People interested in the Mughal Empire must plan a visit the city of Lahore, Pakistan. In this city you’ll find some of the greatest examples of Mughal era architecture and art. One of the top tourist attractions in the city is the Shahi Hammam (Urdu: شاہی حمام), or the Emperor’s Royal Bath. Built in the 17th century, these royal baths have been fully restored to their former glory thanks to generous donations from Norway. Visitors who walk through this Royal Bath can better imagine what life was like for the Mughal royals during the height of their mighty empire
The governor of Lahore, Ilam-ud-din Ansari, began and finished construction on the Shahi Hammam in 1635. The emperor at the time, Shah Jahan, dedicated these Royal Baths to Ansari in thanks for his many years of service to the Mughal Empire. In addition to serving as the governor of Lahore, Ansari was a chief physician in Jahan’s court.
Another name for the Shahi Hammam is the “Wazir Khan Hammam.” Many visitors to Lahore will be quite familiar with the term “Wazir Khan” because that’s the name of one of the city’s beloved mosques. “Wazir Khan” literally means “High Court Official” and it refers to Ansari. You may recognize the word “Vizier,” which his used in the English language to describe a high official in a Muslim nation. Believe it or not, that word comes directly from “Wazir.”
In addition to serving Mughal officials, the Royal Baths were designed as an endowment for the nearby Wazir Khan Mosque. Both the Shahi Hammam and the Wazir Khan Mosque are located in the Walled City of Lahore very close to the Delhi Gate.
Anyone who knows about architectural styles in the Islamic world will instantly recognize Persian elements throughout Shahi Hammam. Both the layout and decorations of these Royal Baths were directly inspired by the Persian Empire. One of the main elements related to the Persian style in Shahi Hammam is the main dome’s opening that lets in natural sunlight.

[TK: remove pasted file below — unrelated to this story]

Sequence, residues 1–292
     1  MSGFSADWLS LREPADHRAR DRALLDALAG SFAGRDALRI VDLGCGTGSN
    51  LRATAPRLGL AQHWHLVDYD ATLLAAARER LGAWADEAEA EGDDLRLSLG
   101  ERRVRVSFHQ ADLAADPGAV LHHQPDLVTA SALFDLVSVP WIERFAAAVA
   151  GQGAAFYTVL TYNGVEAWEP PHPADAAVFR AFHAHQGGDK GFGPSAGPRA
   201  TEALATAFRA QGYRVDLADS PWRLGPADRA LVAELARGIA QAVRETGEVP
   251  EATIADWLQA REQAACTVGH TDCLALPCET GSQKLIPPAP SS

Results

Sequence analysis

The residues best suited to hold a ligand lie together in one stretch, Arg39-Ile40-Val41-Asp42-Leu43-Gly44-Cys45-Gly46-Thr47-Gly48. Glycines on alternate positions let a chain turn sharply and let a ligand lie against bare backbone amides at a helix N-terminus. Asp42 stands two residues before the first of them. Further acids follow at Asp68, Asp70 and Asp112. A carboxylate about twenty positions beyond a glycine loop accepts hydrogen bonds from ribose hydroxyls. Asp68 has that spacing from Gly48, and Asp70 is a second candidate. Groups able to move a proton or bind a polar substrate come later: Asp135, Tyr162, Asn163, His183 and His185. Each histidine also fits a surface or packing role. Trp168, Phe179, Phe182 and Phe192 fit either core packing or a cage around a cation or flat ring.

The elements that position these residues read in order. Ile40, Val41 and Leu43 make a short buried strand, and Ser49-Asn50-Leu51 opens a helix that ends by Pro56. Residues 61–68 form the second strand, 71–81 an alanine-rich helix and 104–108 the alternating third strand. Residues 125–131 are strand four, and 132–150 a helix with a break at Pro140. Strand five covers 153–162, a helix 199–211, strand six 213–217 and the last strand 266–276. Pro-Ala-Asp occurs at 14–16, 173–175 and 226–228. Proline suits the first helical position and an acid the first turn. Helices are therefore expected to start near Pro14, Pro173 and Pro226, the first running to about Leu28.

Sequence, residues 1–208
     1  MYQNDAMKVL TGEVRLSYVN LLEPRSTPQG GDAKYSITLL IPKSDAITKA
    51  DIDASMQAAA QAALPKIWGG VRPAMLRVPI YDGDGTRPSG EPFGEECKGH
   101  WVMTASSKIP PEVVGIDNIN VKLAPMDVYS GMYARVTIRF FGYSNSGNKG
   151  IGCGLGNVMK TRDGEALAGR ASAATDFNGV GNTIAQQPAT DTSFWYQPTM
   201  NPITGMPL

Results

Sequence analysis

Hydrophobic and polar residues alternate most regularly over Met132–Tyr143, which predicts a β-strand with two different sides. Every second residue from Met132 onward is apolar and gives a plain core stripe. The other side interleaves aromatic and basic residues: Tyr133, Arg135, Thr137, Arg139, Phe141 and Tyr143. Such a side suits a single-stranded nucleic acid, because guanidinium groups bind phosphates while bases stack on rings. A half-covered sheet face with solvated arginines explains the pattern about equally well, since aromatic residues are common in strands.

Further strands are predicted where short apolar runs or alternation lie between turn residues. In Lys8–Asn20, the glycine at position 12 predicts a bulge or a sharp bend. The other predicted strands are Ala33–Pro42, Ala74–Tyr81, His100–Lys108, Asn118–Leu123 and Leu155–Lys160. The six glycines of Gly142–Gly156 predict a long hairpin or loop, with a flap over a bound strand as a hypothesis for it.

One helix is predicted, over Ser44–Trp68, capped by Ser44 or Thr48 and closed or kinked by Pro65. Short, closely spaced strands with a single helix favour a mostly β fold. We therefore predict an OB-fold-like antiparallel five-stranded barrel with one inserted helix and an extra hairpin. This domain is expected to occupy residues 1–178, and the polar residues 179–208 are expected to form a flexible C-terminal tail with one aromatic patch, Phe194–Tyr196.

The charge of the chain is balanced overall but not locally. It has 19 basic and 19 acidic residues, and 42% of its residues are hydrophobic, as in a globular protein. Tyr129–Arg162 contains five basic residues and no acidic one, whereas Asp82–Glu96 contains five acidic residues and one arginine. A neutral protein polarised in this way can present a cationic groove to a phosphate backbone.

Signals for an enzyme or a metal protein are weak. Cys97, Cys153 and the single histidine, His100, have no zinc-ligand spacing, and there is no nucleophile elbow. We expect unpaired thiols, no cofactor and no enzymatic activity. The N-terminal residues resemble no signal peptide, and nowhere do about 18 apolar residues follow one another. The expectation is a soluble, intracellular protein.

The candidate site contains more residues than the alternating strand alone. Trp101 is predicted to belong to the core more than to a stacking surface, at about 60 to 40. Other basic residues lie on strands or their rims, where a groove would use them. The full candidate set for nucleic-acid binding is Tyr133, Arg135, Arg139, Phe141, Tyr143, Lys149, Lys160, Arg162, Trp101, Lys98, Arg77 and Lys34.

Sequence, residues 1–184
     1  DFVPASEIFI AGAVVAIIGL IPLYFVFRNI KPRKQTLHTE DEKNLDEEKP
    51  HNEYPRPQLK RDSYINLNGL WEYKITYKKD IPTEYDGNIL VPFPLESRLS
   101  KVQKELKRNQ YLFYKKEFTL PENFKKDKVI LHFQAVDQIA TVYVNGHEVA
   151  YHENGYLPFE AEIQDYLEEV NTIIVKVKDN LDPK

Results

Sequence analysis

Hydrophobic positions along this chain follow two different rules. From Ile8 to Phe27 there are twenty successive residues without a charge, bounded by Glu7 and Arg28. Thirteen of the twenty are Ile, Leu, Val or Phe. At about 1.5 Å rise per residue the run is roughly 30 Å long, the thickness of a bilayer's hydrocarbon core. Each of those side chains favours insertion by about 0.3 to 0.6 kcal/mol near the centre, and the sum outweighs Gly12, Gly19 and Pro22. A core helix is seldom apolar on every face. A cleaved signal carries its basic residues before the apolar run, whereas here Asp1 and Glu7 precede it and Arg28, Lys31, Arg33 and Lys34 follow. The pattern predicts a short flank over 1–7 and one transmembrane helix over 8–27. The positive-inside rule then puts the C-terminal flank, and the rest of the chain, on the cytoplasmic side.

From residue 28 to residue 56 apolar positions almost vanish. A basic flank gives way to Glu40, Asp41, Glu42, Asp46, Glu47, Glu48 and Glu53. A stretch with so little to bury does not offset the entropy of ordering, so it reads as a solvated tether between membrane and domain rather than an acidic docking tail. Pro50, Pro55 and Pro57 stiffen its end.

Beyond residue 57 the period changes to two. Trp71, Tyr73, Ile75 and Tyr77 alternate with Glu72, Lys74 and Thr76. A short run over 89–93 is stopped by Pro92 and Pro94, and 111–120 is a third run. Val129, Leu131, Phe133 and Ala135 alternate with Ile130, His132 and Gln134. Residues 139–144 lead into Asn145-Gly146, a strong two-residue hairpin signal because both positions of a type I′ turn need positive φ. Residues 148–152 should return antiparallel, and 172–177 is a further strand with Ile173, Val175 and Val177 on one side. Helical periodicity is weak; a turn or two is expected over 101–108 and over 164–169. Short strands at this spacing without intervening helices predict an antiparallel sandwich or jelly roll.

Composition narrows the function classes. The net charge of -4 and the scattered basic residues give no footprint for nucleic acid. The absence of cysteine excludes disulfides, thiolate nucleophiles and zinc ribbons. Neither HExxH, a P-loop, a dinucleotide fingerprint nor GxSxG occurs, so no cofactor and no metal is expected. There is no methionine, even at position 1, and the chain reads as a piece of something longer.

As you walk around the Shahi Hammam, you’ll see three main areas: the dressing room, the warm baths, and the hot baths. As with many important buildings in Muslim countries, there are rooms for males and others for females. Besides these three main rooms, there’s also a reception area and a quaint prayer station.
Luckily for the world, many of the marvelous Mughal frescoes inside have survived the ravages of time. Be sure to take your time marveling at the glorious designs Mughal era artists painted on these walls. The Mughals are still admired today for their attention to detail. Whether you tour the Shahi Hammam or the other major mosques in Lahore, pay careful attention to the fretwork, tile work, and mosaics. All Mughal era buildings are highly praised by art historians for their exceptional ornamentation.
A few motifs you’ll see on the frescoes inside Shahi Hammam include birds, winged angels, and vases of flowers. The Mughals were well known for their fondness for flowers. You’ll see a great deal of lovely floral patterns all around the interior of these beautiful baths.